The first thing that struck me, during the initial skim of the readings for this week is that the assemblers of the lectionary had violated one of their own organizing principles. Week by week, the RCL provides a first lesson from the Hebrew scriptures (except during Eastertide, when the first lesson is from the Acts of the Apostles), a Psalm chosen as a congregational sung response to that first lesson, a lesson from the Epistles (or occasionally from the Revelation to John) and a lesson from one of the Gospels. This Sunday, however, the Psalm is clearly meant to complement the Gospel lesson, and seemingly does not refer to the first lesson at all! I love the 23rd Psalm as much as the next preacher, but really! Quel fromage! as dear Molly Ivens, of blessed memory, used to say.
Imagine my relief when I turned to the pages of Homily Service, and discovered that I had judged the Consultation on Common Texts too harshly. In the “Ideas and Illustrations” section of the article for this week in 2009, John Rollefson provides a reflection upon the first and gospel lessons which puts them in conversation with one another. After first considering how very un-complimentary it is for Jesus to refer to his followers as sheep, he uses the Gospel lesson to address a common interpretation of Peter’s message from the first lesson with which Rollefson wishes to take issue.
A particular claim that Jesus as Good Shepherd makes in today’s reading may sound like especially good news. It corrects a misunderstanding of Peter’s words about Jesus in our second readings from Acts: “There is salvation in no one else for there is no other name under heaven given among mortals by which we must be saved” (Acts 4:12). Non salus extra ecclesiam is the Latin phrase meaning “there is no salvation outside the church.” Imperial Christendom would in time come to arrogate that phrase to itself as God’s monopoly on salvation. But Jesus’s words in John 10 preempt such an exclusivistic reading, as he declares in verse 16a, “I have other sheep that do not belong to this fold. I must bring them also, and they will listen to my voice.” Jesus concludes in universalistic, nonimperialistic language in verse 16b, “So there will be one flock, one shepherd.” Work at finding a way to use these texts in relation to one another to help proclaim a Gospel that unifies rather tha divides our contemporary flock of believers, for whom our growing contemporary experience of mulicultural and multifaith realities is continually threatened by our so-called war on terrorism and growing xenophobia as a nation.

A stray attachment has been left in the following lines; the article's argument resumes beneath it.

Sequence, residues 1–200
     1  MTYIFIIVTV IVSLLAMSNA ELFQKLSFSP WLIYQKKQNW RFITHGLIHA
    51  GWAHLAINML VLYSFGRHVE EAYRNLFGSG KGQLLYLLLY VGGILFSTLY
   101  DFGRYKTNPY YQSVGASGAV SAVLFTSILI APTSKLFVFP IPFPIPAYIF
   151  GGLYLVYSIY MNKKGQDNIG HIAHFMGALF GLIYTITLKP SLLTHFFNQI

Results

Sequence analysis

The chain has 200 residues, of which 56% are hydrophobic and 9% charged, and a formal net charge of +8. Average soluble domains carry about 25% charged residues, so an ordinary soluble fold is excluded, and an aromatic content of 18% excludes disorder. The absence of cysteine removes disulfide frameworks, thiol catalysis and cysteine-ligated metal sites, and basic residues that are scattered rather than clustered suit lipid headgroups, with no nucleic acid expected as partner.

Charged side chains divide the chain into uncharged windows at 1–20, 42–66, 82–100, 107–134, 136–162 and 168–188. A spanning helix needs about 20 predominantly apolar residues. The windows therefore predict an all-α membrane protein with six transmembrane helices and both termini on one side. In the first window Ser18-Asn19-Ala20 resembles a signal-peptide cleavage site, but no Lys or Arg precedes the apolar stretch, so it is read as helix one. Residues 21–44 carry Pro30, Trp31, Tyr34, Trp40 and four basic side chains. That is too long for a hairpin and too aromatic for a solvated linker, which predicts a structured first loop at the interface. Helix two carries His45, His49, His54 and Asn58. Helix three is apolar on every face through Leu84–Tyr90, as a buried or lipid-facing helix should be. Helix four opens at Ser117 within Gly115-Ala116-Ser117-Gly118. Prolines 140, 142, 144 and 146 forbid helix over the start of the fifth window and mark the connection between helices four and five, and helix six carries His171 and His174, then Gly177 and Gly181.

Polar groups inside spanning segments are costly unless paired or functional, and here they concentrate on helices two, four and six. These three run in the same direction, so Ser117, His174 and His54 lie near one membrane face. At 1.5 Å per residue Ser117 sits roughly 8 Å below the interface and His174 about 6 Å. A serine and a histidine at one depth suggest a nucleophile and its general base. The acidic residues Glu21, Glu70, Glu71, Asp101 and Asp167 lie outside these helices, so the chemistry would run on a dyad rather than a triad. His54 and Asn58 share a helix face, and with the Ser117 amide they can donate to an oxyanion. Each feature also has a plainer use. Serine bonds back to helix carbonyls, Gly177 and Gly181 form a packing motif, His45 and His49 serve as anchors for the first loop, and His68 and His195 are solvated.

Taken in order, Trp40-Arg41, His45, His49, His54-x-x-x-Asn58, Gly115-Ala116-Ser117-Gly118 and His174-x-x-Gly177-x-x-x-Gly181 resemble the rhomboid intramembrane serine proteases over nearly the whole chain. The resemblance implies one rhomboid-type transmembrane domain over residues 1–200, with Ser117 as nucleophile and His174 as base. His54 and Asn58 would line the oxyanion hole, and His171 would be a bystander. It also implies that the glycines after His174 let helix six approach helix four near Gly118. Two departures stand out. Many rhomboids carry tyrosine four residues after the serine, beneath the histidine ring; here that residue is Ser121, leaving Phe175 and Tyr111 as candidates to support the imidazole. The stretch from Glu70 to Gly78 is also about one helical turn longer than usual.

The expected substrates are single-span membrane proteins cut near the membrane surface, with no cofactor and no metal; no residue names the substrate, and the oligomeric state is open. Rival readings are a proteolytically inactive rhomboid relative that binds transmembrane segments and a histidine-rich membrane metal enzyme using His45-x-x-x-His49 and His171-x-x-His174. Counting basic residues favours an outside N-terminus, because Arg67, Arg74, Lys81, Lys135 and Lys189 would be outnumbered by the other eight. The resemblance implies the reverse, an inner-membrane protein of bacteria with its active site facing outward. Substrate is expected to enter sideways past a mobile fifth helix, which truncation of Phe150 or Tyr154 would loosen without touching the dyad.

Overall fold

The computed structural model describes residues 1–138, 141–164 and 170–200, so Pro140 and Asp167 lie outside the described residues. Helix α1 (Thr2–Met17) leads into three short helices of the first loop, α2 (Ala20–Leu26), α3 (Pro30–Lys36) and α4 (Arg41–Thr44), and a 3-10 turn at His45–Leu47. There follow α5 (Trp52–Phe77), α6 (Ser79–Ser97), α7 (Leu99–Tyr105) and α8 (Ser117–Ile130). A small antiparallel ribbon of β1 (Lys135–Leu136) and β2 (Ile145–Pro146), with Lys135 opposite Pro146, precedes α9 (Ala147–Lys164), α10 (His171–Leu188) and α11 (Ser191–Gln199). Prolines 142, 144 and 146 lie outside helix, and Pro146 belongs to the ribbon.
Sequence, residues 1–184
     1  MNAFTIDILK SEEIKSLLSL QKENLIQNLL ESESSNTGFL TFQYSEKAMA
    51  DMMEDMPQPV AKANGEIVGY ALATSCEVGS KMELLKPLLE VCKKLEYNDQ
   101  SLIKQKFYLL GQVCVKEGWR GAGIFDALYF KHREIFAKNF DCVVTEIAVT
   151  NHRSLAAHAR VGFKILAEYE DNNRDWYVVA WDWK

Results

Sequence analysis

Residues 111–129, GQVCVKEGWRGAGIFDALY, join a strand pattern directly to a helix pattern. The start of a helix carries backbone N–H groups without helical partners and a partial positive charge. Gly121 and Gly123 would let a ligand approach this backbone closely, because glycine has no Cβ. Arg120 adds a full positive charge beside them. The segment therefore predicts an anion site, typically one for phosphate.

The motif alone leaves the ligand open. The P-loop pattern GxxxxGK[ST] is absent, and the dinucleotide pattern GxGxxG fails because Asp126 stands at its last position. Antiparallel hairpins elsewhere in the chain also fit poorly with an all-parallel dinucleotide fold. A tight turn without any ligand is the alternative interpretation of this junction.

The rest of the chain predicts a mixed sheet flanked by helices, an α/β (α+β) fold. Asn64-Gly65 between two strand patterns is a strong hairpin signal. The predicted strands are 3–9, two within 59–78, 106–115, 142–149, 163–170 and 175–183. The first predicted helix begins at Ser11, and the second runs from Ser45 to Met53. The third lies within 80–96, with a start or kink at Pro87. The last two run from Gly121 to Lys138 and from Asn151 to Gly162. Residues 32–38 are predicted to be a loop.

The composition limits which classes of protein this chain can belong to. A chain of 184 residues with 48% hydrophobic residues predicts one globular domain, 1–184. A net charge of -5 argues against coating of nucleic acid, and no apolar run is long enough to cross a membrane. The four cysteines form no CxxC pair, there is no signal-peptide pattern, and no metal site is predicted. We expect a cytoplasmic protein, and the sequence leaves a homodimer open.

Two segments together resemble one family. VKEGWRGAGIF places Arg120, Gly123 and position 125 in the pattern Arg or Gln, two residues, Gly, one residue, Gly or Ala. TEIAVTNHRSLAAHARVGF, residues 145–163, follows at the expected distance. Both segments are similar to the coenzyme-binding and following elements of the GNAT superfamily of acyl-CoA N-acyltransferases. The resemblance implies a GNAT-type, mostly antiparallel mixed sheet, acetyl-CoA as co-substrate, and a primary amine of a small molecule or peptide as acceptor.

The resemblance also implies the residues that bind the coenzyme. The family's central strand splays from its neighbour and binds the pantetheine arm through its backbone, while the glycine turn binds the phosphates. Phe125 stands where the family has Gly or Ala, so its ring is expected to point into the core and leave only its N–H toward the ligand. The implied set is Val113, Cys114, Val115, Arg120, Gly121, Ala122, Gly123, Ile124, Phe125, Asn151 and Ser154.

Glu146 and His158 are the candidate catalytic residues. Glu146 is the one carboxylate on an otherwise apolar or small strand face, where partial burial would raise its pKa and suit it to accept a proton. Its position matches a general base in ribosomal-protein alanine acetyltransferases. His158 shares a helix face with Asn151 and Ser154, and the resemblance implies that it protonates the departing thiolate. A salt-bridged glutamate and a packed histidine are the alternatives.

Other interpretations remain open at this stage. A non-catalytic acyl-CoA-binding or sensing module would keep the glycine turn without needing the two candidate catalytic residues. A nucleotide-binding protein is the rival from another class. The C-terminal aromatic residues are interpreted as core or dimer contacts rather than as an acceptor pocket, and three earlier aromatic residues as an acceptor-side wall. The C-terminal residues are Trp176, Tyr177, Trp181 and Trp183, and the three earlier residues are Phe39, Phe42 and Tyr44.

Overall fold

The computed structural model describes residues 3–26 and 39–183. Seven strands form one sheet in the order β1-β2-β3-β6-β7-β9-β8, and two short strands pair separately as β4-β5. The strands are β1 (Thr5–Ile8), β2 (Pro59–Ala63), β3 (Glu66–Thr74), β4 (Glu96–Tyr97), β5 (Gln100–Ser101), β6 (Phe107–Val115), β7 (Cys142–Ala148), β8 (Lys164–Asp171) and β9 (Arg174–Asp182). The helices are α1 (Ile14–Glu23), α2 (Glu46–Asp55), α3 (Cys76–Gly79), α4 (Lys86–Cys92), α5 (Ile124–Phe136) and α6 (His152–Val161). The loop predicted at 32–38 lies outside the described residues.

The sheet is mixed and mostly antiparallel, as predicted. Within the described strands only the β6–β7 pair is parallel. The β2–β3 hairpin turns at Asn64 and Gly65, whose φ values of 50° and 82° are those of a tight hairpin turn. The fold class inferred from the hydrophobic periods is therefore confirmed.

The New Testament contains both sorts of claims: excluvistic claims that seem to say that the salvation God offers in Jesus Christ is only for some, and inclusivistic claims that seem to say that the salvation God offers in Jesus Christ is for all. How do you handle these competing claims in your preaching?
John Rollefson (2008): 3 May 2009: Easter 4, Homily Service, 42:2, 131.
John Rollefson is ordained in the Presbyterian Church (U.S.A.)